Busting the Diet Myth · Personalized Nutrition · Therapy Foods · Uncategorized · Weight loss

Nutritious Foods for New Moms

ray-hennessy-GL6ORxDMswI-unsplash

New mothers have a few objectives to meet when it comes to their health, and that of their babies: recover from childbirth, keep themselves well-nourished and healthy, keep their babies well-nourished and healthy, and get back in pre-pregnancy shape. That’s quite a to-do list! And if they are breastfeeding, their own nutritional status may be impacted, due to the demands of the breastmilk supply and composition. This may seem complicated and stress-bearing at first, but it is actually pretty simple to achieve, provided new mommies eat a healthful whole food diet composed of fresh vegetables and fruits, whole grains, fiber-rich legumes and occasional antibiotic- and hormone-free lean meats. While taking supplements may help to bridge the nutritional gap in nursing moms, they won’t make up for a healthy diet during this time (1). There is a misconception that nursing mothers need to eat lots of energy-rich foods to ensure milk supply, however the amount of breastmilk produced depends primarily on the frequency of nursing or milk-pumping sessions and to a lesser degree – on the mom’s hydration status.

Let’s look at some foods new moms need to add to their new status diet to stay healthy and well:

  1. Legumes. Some new mothers may experience constipation right after giving birth and during recover, particularly if surgical interventions took place. Many women are prescribed laxatives, stool softeners and mineral oil to ease their discomfort. In this instance adding fiber-rich foods may help alleviate constipation. Beans, peas are lentils are particularly rich in fiber, and need to make their way into new mothers’ diets. They are also a great source of iron, calcium, magnesium, folate and zinc that new moms need in order to avoid nutrient deficiencies. If you are new to beans, start slow to prevent digestive discomfort: eat 1-2 tablespoons of beans a day, and increase by 1 Tbsp each week. Gradual introduction will give your digestive system and gut microbiota time to adjust.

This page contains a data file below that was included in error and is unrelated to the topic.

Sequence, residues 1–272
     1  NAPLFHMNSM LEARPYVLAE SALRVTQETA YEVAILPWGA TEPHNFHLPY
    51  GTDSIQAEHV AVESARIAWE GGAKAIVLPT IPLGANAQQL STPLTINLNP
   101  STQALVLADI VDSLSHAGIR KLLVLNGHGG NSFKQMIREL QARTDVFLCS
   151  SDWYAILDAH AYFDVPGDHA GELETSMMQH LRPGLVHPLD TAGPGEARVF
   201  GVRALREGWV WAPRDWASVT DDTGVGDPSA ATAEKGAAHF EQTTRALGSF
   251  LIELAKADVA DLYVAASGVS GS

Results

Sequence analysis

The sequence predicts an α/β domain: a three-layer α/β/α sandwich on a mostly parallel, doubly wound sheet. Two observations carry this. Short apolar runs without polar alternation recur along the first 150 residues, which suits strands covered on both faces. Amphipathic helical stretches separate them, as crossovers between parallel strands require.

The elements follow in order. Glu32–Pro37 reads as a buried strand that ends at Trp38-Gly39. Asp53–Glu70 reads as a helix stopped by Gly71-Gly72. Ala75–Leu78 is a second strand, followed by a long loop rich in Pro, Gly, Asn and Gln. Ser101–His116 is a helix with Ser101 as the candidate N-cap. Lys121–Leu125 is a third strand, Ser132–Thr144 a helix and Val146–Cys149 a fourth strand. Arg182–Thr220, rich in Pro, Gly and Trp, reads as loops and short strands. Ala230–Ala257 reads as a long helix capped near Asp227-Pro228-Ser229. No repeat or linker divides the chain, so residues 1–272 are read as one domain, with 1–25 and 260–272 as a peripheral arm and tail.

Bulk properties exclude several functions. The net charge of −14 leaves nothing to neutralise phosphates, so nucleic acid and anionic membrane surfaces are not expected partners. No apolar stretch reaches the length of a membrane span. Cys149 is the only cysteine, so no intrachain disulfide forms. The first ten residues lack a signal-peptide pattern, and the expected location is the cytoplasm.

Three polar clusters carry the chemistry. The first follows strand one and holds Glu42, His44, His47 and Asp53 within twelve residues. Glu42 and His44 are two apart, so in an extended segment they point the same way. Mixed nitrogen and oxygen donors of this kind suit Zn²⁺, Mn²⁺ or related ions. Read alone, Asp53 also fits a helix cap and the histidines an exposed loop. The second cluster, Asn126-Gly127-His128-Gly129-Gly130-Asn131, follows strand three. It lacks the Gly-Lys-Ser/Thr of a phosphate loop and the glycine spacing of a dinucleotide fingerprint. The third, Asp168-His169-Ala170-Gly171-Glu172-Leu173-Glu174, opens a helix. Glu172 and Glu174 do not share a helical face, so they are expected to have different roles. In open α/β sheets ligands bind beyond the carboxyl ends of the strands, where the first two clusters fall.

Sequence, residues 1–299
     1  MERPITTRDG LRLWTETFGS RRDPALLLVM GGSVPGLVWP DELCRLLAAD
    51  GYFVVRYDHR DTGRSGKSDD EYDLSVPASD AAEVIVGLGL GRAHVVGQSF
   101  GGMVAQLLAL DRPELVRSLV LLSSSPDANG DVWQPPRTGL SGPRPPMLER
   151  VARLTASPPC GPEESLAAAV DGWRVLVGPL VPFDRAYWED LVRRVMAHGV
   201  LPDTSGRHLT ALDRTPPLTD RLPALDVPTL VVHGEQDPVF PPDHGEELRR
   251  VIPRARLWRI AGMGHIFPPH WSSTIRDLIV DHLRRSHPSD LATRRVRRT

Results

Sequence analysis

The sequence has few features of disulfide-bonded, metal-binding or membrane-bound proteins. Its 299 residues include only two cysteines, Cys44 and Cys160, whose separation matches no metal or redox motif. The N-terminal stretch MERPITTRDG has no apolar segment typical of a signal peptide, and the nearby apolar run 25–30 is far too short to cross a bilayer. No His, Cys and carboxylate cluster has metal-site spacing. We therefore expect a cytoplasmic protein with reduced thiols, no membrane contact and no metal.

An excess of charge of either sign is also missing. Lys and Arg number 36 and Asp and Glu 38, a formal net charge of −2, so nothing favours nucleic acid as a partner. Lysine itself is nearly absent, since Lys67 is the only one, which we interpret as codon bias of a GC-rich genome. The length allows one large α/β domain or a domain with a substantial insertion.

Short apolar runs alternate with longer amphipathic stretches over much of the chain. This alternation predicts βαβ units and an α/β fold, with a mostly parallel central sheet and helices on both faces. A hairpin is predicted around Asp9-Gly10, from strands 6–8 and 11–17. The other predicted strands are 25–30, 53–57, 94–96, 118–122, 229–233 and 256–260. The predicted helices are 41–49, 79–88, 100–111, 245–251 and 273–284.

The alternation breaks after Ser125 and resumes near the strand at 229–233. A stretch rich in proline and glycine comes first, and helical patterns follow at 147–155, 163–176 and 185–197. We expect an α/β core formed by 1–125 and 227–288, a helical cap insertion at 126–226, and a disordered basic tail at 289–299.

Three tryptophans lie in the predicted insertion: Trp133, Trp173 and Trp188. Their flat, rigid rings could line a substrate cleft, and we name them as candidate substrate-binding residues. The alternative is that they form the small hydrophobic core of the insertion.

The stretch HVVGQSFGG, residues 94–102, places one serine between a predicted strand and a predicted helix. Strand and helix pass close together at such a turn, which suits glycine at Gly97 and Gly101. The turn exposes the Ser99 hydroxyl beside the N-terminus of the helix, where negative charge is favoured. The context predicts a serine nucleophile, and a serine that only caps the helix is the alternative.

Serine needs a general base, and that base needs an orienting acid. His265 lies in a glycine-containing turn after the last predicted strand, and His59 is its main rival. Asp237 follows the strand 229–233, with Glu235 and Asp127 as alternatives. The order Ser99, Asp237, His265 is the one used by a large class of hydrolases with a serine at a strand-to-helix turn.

2. Berries. If fresh berries are not in season, or unavailable at your locations, go for frozen kind – they are just as nutritious as fresh ones, if not more so, since berries that undergo freezing must be picked at their ripest, at their highest nutritional peak. Berries are great sources of antioxidants and polyphenols – nutritional compounds, providing support to our immune system and warding off inflammation. New moms may be prone to infections and other ailments since their immune systems are weakened by childbearing, labor and the demands of breastfeeding. New mommies are often sleep deprived and must stay active for long hours to care for the new baby and often, their older siblings, so need the extra boost of nutritious and health promoting foods.
  3. Ginger. Ginger is believed to help new moms recover from childbirth. This remedy has been used for centuries in Asian cultures (2). Some studies also reported greater milk production in nursing mothers taking ginger supplements (3). Ginger also has potent anti-inflammatory components and helps strengthen immunity to keep moms healthy, and it is known to soothe upset stomach and bloating, often accompanying recovering from labor women.
  4. Nuts, seeds and their butters. Adding small amounts of nuts and seeds and their butters will pay back with great health benefits – not only they are rich sources of vitamins, minerals, antioxidants, fiber and healthy fats to support nutritional status, they are also filling and satiating, keeping busy new moms fuller longer, since time is a high-valued currency during the first few months postpartum, and women often find it hard to find time for a healthy meal or snack.